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(Wallace Refiners) – Gold has been resilient these past few weeks. Although the market remains caught in a consolidation pattern, investors don’t appear to be ready to give up on the precious metal.
The week started with a lot of potential as prices tested resistance at $2,000 an ounce; however, it quickly became clear that the precious metal didn’t have enough momentum to break out as it faced a stronger U.S. dollar and rising bond yields.
Gold prices are ending the week down 1.7% after hitting a brick wall late Monday. While the price action is disappointing, it’s difficult to be too discouraged when looking at financial market conditions. Gold is holding critical support as the U.S. dollar hit a new two-year high, with the index pushing above 101. At the same time, U.S. 10-year bond yields are on the cusp of hitting 3%, their highest level since early 2018.
Bond yields and the U.S. dollar are surging higher after Federal Reserve Chairman Jerome Powell confirmed that the U.S. central bank is ready to raise interest rates by 50 basis points next month and potentially at the June meeting.
Powell said that it is essential the Federal Reserve uses its tools to get inflation and price stability under control.
“Economies don’t work without financial stability,” he said.
These are some pretty difficult headwinds for the gold market. The fact that the precious metal is holding at an elevated level means that investors and analysts still see some value in the market.
In a recent report, technical analysts at Bank of America said that gold appears to be forming a “cup and handle” pattern. They see any drop to $1,940 as a buying opportunity.
“We like longs/buying dips near $1,940/50 for tactical trades and if above $1,888/oz for medium-term trades. Our measured move targets suggest $2,175/oz can still be seen,” the analysts said.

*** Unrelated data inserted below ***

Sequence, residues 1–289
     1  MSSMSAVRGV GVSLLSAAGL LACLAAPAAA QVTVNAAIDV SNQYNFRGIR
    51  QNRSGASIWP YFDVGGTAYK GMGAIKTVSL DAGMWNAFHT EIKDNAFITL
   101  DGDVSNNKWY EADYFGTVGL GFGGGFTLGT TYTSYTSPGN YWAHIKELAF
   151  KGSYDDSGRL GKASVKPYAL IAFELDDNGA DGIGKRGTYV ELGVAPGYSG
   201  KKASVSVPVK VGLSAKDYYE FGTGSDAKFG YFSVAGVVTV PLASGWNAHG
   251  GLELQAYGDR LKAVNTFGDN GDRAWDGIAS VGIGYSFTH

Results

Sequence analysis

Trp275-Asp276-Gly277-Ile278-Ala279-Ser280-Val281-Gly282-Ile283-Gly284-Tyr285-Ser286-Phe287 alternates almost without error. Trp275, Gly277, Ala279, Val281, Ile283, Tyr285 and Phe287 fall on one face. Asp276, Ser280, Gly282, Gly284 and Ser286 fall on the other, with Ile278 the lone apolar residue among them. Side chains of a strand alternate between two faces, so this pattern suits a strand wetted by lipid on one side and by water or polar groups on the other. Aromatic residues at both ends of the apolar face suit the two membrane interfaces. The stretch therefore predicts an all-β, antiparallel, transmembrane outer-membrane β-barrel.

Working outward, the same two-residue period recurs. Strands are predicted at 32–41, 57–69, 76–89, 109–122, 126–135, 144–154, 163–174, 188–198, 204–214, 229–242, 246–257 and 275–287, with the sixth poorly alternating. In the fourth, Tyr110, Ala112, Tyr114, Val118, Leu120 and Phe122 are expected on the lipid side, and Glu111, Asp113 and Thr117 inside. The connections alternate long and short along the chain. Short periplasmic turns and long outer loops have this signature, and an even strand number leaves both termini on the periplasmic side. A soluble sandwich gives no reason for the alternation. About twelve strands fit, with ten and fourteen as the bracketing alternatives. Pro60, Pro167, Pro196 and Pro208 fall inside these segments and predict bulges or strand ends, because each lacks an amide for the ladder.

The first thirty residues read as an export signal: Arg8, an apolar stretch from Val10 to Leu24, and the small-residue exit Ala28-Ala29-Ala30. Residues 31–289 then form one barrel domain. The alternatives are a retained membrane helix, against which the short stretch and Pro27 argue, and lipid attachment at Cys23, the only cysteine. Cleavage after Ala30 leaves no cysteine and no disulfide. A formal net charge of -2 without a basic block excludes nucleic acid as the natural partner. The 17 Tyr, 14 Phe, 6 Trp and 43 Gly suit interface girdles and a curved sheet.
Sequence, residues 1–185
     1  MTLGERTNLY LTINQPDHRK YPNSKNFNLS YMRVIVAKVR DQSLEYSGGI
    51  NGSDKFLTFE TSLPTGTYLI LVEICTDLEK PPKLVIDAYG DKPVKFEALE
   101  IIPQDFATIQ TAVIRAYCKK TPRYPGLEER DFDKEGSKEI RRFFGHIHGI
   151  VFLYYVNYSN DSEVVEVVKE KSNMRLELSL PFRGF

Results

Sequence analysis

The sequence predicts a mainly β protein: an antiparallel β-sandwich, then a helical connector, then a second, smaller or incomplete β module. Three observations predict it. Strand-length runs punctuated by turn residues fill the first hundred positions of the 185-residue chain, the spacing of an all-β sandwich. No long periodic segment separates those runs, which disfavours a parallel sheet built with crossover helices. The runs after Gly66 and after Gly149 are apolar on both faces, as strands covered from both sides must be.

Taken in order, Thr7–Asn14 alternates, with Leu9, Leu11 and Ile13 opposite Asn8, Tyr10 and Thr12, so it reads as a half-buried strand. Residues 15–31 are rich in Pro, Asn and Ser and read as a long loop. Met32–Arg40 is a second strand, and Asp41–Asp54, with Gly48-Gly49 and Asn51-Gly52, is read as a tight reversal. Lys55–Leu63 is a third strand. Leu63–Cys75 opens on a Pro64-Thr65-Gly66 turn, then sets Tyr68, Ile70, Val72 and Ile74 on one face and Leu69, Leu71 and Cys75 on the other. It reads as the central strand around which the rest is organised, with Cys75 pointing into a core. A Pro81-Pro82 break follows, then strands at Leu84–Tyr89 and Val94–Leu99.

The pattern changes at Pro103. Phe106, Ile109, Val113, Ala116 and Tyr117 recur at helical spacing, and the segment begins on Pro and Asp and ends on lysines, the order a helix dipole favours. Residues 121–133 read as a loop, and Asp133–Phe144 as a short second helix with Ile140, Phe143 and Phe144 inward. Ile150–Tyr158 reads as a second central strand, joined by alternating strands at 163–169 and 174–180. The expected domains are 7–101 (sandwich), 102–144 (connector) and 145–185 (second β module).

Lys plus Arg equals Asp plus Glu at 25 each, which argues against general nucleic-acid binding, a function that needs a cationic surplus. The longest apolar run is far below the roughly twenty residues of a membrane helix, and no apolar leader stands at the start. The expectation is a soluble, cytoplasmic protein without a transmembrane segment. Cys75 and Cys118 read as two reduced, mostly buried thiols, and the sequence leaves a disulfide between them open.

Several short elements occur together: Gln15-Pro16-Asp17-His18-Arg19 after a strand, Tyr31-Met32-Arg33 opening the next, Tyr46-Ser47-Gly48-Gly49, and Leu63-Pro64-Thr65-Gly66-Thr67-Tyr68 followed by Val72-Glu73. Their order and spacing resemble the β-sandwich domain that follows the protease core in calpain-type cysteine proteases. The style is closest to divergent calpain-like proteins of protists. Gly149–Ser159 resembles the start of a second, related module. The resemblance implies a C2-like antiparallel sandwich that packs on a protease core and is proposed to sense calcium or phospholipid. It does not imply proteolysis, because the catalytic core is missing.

BofA isn’t the firm that remains bullish on gold. Analysts at S&P Global remain bullish on precious metals.
“Our price outlook for gold appears healthy for the short to medium term, remaining about the $1,900 an ounce mark on the back of the geopolitical and macroeconomic uncertainties,” said S&P Global Market Intelligence senior analyst Bjorn Goosen in a webinar last week.
Finally, Wells Fargo is also not giving up on the precious metal as the bank sees gold prices moving above $2,000 this year.
“The bottom line is that we still like gold and are maintaining our 2022 year-end target price range of $2,000-$2,100 per ounce,” said John LaForge, head of real asset strategy at the bank.
Despite all the headwinds, there is plenty of bullish sentiment in the marketplace, which will continue to support gold.
Disclaimer: The views expressed in this article are those of the author and may not reflect those of Wallace Precious Metals The author has made every effort to ensure accuracy of information provided; however, neither Wallace Precious Metals nor the author can guarantee such accuracy. This article is strictly for informational purposes only. It is not a solicitation to make any exchange in commodities, securities or other financial instruments. Wallace Precious Metals and the author of this article do not accept culpability for losses and/ or damages arising from the use of this publication.